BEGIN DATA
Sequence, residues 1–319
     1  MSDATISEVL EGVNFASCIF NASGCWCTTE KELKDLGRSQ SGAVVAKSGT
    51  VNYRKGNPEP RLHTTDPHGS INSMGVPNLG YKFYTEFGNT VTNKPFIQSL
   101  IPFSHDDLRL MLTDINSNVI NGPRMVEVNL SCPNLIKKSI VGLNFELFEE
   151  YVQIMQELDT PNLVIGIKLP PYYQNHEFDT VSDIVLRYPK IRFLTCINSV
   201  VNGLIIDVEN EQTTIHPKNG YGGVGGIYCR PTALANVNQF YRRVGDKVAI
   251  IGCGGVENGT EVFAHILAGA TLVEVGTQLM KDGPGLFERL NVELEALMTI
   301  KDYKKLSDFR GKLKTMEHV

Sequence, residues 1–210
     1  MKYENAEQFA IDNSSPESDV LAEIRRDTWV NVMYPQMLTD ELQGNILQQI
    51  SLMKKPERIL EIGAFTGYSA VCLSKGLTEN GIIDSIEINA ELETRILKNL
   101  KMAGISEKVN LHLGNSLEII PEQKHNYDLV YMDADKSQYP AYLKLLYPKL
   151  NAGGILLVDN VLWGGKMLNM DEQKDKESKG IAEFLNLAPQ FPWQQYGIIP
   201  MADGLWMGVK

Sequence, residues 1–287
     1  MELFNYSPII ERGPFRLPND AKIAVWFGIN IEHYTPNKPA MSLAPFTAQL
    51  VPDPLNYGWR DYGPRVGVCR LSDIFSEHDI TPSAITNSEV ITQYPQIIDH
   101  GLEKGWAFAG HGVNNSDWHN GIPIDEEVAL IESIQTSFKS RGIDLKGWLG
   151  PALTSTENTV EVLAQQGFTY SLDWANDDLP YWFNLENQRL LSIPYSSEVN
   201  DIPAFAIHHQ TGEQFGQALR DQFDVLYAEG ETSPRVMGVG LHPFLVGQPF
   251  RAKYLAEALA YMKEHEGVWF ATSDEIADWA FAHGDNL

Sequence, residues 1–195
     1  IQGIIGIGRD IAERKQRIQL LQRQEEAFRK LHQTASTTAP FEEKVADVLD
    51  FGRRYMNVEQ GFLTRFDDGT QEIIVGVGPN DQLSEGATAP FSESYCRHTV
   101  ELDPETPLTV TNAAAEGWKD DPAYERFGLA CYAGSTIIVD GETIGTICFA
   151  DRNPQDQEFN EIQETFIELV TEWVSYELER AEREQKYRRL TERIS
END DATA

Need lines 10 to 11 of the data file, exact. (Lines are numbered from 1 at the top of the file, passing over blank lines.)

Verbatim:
     1  MKYENAEQFA IDNSSPESDV LAEIRRDTWV NVMYPQMLTD ELQGNILQQI
    51  SLMKKPERIL EIGAFTGYSA VCLSKGLTEN GIIDSIEINA ELETRILKNL